1. Evaluate property: Land Trust staff will meet with you on your property to evaluate its agricultural, natural, or scenic values.  The Land Trust will determine if the property meets the organization’s criteria for accepting easements.  Land Trust staff will typically visit with you on your property a few times during the course of the easement donation.
  2. Determine your objectives and review alternatives: Meet with Land Trust staff to discuss your objectives for the property and review your options for uses, restrictions, resource protection, and the costs associated with completing the easement. You should review those options with your personal tax and legal advisors.
  3. Discuss costs and agree upon contribution for completing easement:  In accepting a conservation easement, the Land Trust incurs transaction expenses and assumes a legal obligation to uphold the terms of the conservation easement forever.  You are responsible for covering transaction costs and for providing funds for the stewardship of the conservation easement, these costs can range from $35-50k.
  4. Appraisal of conservation easement: If you or your advisor determines that the easement donation will qualify as a charitable donation, you must retain an appraiser to determine the value of the easement. As the recipient of your easement gift, the Land Trust is prohibited from representing its value and maintains an “arm’s length” from the appraisal process.  The Land Trust can provide you with a list of appraisers with experience appraising conservation easements.
  5. 5. Review draft easement with your legal counsel: The Land Trust will prepare a draft conservation easement document that reflects your objectives. We recommend that you review the draft with your legal and tax counsel. Provisions relating to your objectives may be revised at this time.
  6. Land Trust due diligence: The Land Trust requires proof of good title and notice of any existing mortgage on the property. If there is a mortgage, the lender must subordinate its rights in the property to the conservation easement in order to meet IRS regulations and Land Trust policy.  If third parties own minerals, additional steps must be taken to satisfy IRS requirements. The Land Trust also completes an environmental hazards screening to make sure that no hazardous waste exists on the property.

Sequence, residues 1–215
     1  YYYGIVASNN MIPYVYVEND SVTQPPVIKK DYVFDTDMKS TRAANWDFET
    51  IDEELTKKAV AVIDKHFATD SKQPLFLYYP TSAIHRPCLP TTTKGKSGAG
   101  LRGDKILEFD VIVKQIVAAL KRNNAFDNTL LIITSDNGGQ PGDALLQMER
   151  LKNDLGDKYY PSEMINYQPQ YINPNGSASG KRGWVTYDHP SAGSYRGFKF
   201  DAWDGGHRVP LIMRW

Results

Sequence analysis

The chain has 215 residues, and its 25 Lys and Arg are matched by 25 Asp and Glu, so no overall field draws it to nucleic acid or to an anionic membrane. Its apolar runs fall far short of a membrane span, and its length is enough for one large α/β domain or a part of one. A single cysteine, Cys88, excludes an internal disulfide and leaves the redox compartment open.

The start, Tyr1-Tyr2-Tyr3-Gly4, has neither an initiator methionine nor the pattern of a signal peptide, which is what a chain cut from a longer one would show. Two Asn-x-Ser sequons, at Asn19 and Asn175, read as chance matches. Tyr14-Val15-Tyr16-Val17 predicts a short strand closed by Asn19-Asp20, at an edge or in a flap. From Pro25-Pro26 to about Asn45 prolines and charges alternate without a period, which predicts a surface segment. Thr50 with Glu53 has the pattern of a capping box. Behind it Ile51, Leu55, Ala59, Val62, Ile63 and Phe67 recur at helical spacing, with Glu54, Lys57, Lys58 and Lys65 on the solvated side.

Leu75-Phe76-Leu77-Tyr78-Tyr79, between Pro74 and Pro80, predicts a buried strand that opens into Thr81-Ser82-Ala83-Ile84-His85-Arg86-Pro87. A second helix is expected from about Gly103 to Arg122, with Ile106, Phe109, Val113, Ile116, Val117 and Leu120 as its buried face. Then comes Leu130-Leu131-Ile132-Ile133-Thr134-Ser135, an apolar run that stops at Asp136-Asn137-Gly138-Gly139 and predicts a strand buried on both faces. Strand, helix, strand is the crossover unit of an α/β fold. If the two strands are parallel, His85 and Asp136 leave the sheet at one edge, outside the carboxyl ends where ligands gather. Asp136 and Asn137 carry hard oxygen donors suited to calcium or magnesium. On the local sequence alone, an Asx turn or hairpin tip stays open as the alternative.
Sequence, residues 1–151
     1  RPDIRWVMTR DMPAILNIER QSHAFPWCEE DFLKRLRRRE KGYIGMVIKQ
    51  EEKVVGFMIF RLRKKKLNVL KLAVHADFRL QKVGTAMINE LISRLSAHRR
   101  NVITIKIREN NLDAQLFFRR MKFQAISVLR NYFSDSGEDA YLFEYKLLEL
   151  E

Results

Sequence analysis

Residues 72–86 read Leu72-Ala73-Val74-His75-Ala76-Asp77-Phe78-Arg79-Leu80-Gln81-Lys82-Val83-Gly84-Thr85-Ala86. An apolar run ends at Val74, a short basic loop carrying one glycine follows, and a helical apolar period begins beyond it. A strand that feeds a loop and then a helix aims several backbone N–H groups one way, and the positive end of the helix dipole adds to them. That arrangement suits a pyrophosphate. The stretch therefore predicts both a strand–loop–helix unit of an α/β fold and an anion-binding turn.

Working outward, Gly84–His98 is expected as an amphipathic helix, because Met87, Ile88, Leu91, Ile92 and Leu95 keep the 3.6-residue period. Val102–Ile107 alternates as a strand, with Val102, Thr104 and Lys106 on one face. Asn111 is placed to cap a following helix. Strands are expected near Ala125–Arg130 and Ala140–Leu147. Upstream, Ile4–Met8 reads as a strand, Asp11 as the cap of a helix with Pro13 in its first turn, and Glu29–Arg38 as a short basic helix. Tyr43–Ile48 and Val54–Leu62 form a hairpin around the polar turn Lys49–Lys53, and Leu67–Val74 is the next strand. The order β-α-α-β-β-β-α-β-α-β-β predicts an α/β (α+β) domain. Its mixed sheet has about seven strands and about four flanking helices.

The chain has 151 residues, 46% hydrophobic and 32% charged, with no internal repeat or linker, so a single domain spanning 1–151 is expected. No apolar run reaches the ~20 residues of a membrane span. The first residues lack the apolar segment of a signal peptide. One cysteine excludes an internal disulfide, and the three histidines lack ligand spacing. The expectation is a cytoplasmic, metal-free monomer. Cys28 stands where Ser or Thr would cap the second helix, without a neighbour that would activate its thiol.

7. Prepare baseline documentation report: The Land Trust will arrange for the creation of a baseline documentation report, which describes the condition of the property at the time of the donation. The IRS requires this report.  The report documents the natural, agricultural, and scenic values of the property, as well as any buildings or agricultural improvements.  You will be asked to provide information about the property and will be provided the report in draft form for your review.  The report is signed at the time of closing.  Both you and the Land Trust receive copies of the report.
  8. Land Trust Board approval: After reviewing and revising the draft easement, the project is submitted to the Lands Committee of the Mesa Land Trust Board.  The Committee may conduct a site visit and will either forward the easement project to the full board for approval or request additional modifications to the easement.  Once modifications are agreed upon, the easement is forwarded to the Board for final approval.
  9. Sign & Record easement: After a final review of the documents, you and the Land Trust’s president and secretary will sign the easement and baseline documentation report. The easement will be recorded with the County Clerk and Recorder.
  10. Submit Form 8283 to the IRS: You must attach IRS 8283 (for “Noncash Charitable Contributions”) to the income tax return that you submit for the year in which the easement was donated.  The Land Trust must sign this form.
  11. Submit Tax Credit Application to State of Colorado: If you and your legal and tax advisors have determined that you may be eligible to pursue conservation easement tax credits from the State of Colorado, then you will have to apply to the Colorado Department of Revenue. This involves a formal application, a number of attachments and a fee. You may also submit an application for a preliminary advisory opinion on a conservation easement prior to closing on a conservation easement.